5 Walk in wisdom toward outsiders, making the best use of the time. 6 Let your speech always be gracious, seasoned with salt, so that you may know how you ought to answer each person.
Colossians 4:2-6 ESV
The wrapping paper flew off in a rush of anticipation that only childhood can provide and floated to the ground. The colorful box was about the size of my torso and balanced on my tiny lap. Two bright words beckoned me to a world of boyish adventure, implanting visions of secret experiments, startling discoveries, and minor explosions within the bowels of my house. And for weeks these visions fueled my persistent play with the tiny vials in my brand-new chemistry set.
But as the days continued, my enthusiasm waned. Most of the experiments in the manual seemed either too simple or too complicated and none of them taught me how to explode stuff, which, if I am honest, is what my 11-year-old self really wanted.
So, I did what any child would do. I kept the manual for reference but put it to the side and began to gradually mix a combination of the chemicals to see what I could make. Surely it couldn’t be that hard. I had seen science shows on TV and most seemed to easily result in at least some sort of harmless bang. But regardless of what chemicals I combined, I could not even produce a smidge of smoke. All my experiments resulted in either green or yellow solids, stuck stubbornly at the base of a limited supply of test tubes.
“This stuff doesn’t work,” I finally concluded.
Many of my chemicals were gone. No startling discoveries had been made. And all I could produce was ruined test tubes.
In despair I made sure all the vials were in their correctly labeled space, laid the unused manual on top, softly slid the box top over the bottom, and buried my chemistry set on a shelf, never to be touched again.
But failure is a bell that never rings only once. Its echoes hoard disappointment, sadness, and shame. These resounded so often throughout my schooling that a hard, stubborn bias formed at the base of my unguarded soul against science. It was too hard. I was less Louis Pasteur and more Larry, Mo, and Curly. And no matter how hard I tried it was always easier to blame the repeated failures on the science than it was to blame myself (the scientist).
The reality, of course, is that I struggled with science because there was something wrong with my assumptions, methodology, logic, or understanding that prevented me from being successful in this field. It was not the science that was flawed. It was me. To hold any other position would be irrational.
Interestingly, the experience I had with science often parallels the experience others have had with prayer.
The gift that God has given us to boldly “draw near to the throne of grace, that we may receive mercy and find grace to help in time of need” (Heb. 4:16) and the promise of “Ask, and it will be given to you; seek, and you will find; knock, and it will be opened to you.” (Matt. 7:7) fill our uninitiated souls with visions of victories, blessings, and pain-free lives.
But then we are told, or we experience, that God is not our personal genie. We look at His manual, the Bible, for guidance and instruction in this incredible gift. Some of it seems relatively easy and straightforward. Other parts are hard and complicated. And if we are truly honest, what we want the most is an immediate alleviation or extinction of our pain, not a lesson in theology.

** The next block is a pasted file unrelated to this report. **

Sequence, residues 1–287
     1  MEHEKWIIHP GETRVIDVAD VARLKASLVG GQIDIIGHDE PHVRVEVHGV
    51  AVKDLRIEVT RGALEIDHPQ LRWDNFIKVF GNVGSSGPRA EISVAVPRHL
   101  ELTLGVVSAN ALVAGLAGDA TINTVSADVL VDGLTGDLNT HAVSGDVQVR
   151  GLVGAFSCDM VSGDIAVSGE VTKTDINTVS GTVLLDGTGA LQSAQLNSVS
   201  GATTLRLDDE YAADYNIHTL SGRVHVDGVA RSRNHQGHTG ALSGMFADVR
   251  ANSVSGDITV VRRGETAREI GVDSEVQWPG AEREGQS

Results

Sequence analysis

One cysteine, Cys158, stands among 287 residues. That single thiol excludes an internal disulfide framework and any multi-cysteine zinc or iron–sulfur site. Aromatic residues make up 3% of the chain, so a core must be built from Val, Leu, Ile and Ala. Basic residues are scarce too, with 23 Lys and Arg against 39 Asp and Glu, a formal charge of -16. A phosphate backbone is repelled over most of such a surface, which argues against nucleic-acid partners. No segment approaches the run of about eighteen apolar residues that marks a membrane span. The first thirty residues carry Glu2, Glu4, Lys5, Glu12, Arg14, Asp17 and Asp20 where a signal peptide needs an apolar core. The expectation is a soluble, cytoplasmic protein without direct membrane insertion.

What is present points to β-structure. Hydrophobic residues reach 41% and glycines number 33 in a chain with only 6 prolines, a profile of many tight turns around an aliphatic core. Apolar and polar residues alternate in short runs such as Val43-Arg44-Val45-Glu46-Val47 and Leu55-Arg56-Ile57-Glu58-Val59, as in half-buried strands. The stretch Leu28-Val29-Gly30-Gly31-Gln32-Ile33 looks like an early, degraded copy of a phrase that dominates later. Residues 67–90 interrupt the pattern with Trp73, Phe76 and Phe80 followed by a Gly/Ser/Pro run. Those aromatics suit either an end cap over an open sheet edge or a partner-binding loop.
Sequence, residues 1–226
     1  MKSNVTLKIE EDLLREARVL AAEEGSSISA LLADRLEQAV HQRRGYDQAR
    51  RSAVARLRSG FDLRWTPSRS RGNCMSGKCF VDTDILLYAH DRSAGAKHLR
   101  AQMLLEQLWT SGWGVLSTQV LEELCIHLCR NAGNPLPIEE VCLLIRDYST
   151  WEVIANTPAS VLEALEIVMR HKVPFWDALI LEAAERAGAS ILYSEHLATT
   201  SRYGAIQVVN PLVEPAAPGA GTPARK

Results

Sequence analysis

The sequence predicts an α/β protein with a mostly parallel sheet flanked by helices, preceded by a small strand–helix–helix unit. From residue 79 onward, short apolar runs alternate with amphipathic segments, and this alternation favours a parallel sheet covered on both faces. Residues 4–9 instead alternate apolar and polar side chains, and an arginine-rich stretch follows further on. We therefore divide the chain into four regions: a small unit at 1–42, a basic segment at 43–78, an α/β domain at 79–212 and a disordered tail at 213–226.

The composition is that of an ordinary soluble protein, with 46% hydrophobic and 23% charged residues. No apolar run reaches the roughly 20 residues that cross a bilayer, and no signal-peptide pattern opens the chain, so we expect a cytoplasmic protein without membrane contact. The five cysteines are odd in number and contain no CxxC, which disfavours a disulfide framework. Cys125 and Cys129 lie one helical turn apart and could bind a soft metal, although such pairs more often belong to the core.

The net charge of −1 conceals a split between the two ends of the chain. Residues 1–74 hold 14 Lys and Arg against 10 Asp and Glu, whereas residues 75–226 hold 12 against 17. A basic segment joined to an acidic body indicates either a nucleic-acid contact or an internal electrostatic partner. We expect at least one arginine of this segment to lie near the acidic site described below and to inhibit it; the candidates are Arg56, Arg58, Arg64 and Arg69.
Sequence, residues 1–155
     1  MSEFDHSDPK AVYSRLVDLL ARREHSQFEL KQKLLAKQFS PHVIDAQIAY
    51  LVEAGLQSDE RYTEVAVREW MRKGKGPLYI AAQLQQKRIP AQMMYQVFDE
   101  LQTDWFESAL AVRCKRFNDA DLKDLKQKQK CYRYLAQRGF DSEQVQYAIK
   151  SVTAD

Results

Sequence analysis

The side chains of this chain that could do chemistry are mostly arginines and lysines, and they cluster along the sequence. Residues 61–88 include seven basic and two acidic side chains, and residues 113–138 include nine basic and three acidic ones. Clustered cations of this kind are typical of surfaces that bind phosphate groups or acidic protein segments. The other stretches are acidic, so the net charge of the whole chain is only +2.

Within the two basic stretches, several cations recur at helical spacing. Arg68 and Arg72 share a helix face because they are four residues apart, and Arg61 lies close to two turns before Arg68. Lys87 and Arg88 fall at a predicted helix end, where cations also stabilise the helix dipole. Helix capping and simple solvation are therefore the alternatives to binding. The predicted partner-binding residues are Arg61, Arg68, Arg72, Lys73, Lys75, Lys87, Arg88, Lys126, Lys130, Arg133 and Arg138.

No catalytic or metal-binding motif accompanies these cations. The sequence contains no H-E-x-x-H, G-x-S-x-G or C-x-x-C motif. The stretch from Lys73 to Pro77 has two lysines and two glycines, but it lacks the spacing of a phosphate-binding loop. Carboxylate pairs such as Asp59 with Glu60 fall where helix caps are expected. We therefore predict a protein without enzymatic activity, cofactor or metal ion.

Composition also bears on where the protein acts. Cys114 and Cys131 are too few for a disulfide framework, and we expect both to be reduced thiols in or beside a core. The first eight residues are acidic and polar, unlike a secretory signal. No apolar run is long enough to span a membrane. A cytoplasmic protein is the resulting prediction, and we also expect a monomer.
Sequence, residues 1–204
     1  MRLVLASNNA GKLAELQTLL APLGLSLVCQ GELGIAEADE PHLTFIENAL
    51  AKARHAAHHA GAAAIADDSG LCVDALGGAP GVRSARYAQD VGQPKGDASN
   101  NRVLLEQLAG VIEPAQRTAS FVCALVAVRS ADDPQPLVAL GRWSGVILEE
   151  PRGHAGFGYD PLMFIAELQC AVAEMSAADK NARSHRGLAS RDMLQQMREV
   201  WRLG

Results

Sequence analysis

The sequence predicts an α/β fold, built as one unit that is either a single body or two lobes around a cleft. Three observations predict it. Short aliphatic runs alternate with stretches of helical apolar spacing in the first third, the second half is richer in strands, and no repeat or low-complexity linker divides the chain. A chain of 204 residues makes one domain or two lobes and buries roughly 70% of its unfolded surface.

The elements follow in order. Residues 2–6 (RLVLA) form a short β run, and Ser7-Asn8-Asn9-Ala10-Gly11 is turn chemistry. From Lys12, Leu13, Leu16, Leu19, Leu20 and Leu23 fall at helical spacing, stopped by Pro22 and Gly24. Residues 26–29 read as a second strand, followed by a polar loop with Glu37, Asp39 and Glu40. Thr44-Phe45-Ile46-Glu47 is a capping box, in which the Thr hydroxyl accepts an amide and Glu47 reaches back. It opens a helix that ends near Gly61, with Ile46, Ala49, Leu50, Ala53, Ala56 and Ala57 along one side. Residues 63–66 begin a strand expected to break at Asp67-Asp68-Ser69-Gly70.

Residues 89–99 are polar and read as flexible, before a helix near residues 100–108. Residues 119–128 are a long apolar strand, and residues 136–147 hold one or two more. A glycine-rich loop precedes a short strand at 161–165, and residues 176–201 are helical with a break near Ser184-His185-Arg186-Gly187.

So, we put the manual aside and begin to experiment as best we can with the gift He has given. We include elements of other faiths or worldviews to help us understand how to use prayer effectively. We embrace concepts that are not taught in scripture, but because they sound like truth and are used by millions of people across the world, we mix them in our test tubes of prayers and hope to a harmless bang in our answers. Instead, all we receive is a hardened green or yellow rock as the result of our experiment. Nothing has changed. Anxieties and stressors and suffering seem to come and go of their own accord until one day we survey the landscape of our prayerful experiments and exclaim “This stuff doesn’t work!”
So, when Paul writes in Colossians 4:2 “Continue steadfastly in prayer, being watchful in it with thanksgiving” people who believe that prayer does not work dismiss the comment outright.
But is this being fair? Is it truly a problem with God or prayer? Or does the problem reside in the assumptions, methodology, logic, or understanding of the one who is praying?
The only rational position is that prayer works, but it is impeded in several ways. It does not work when we try to fulfill our selfish motives (James 4:3). And it is hindered through our preponderance of doubt (James 1:6-7) and pride (Job 35:12-13). Our unwillingness to obey God’s law (Pr. 28:9), to disenfranchise the poor (Pr. 21:13), to cover our hands with blood (Isa. 1:15), to fill the land with violence and to provoke God repeatedly (Eze. 8:17-18), to refuse to listen to God’s call and to ignore His hand of discipline (Pr. 1:24-25), to turn a stubborn shoulder and stop our ears from hearing; to make our hearts like flint so that we cannot hear His law or His words (Zech. 7:11-13)…these are the things that hinder our prayers.
It is not prayer that is flawed. It is us.
As a man whom Jesus healed from blindness once said:
“We know that God does not hear sinners; but if anyone is God-fearing and does His will, He hears him.”
Therefore, it is only right that our leaders and pastors call for and encourage prayer during a national crisis where stores are being looted and burned due to generations of unchecked racial injustice, and a pandemic has forced us to consider and protect our mortality.
God promises terrible things to His people if they will not obey Him, and we may be witnessing the bud of God’s justice beginning to open.